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21 Responses to Free Iran

  • Yes, and China sure did pay the price for Tiananmen, right? Most favor nation trade status, billions upon billions in foreign investment, hosting the Olympics…

    Yeah, we don’t like to talk about China. But, the good news for Iran is that 75% of its population is under the age of 30 – plenty cheap, exploitable labor to get itself back into the world’s good graces if it wants. Like Chinese communism, Islamic theocracy can learn to play ball too.

  • Joe: You’re giving me whiplash. I went from disagreeing with you quite strongly in recent days to saying “Amen!” to what you expressed here. Thanks!

  • Trade between the U.S. and Iran has been largely illegal for the last 30 years. Are the Iranian people better off on account of this fact? It’s hard to see how. Would the Chinese people be better off if the U.S. had adopted a similar set of sanctions against China twenty years ago? Again, it’s hard to see how.

  • Blackadder: Your reasoning is consequential here, which seems problematic to me.

  • I think you mean consequentialist. I deny the charge. Consequentialism is not the view that consequences matter (something it would be insane to deny), but the view that *only* consequences matter. There’s nothing intrinsically evil about not having sanctions against China or Iran or whatever, and as such whether sanctions are a good or bad idea is going to turn on whether the overall consequences of those sanctions are good or bad.

  • The “turn” you describe is what make it consequentialist, I think, for precisely the same reasons you gave with a minor adjustment: consequentialists do not say that *only* consequences matter, as you say, but, instead, that consequences are *the* criterion by which we ought to judge things, especially morally relevant actions. So, by judging things as they “turn” on overall consequences, you seem to be making a consequentialist point, which, for reasons that should be obvious, I find problematic.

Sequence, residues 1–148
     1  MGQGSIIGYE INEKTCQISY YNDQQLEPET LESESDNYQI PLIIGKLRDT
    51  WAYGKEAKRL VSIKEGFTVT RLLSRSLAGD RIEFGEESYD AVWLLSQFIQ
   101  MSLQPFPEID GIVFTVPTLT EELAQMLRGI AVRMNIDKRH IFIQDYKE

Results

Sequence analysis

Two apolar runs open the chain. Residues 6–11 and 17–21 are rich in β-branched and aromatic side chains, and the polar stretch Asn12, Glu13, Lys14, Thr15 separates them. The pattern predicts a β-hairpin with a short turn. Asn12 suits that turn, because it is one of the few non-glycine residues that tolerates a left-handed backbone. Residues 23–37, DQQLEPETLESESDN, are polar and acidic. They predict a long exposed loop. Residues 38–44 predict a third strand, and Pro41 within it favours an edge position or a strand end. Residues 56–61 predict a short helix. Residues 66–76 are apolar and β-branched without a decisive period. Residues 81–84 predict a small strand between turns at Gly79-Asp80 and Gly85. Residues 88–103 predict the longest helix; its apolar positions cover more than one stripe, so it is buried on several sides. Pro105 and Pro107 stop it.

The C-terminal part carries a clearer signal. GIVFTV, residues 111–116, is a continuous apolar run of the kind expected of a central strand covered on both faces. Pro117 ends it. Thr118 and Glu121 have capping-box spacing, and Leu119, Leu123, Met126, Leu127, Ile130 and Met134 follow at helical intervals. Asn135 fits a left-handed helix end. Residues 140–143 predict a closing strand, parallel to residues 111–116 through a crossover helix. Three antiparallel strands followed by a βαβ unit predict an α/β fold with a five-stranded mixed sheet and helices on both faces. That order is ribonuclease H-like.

• Sam,

    That’s like saying it’s consequentialist to tell someone to take an aspirin for their headache, since whether taking the aspirin is a good idea or not turns on whether it will help with your headache. It would be consequentialist to argue that we should use an immoral means to achieve a desirable end. There’s nothing consequentialist in arguing that we should use a morally indifferent means to achieve a desirable end. Nor is there anything consequentialist about saying we shouldn’t use a given means to achieve a desirable end because it won’t actually do so.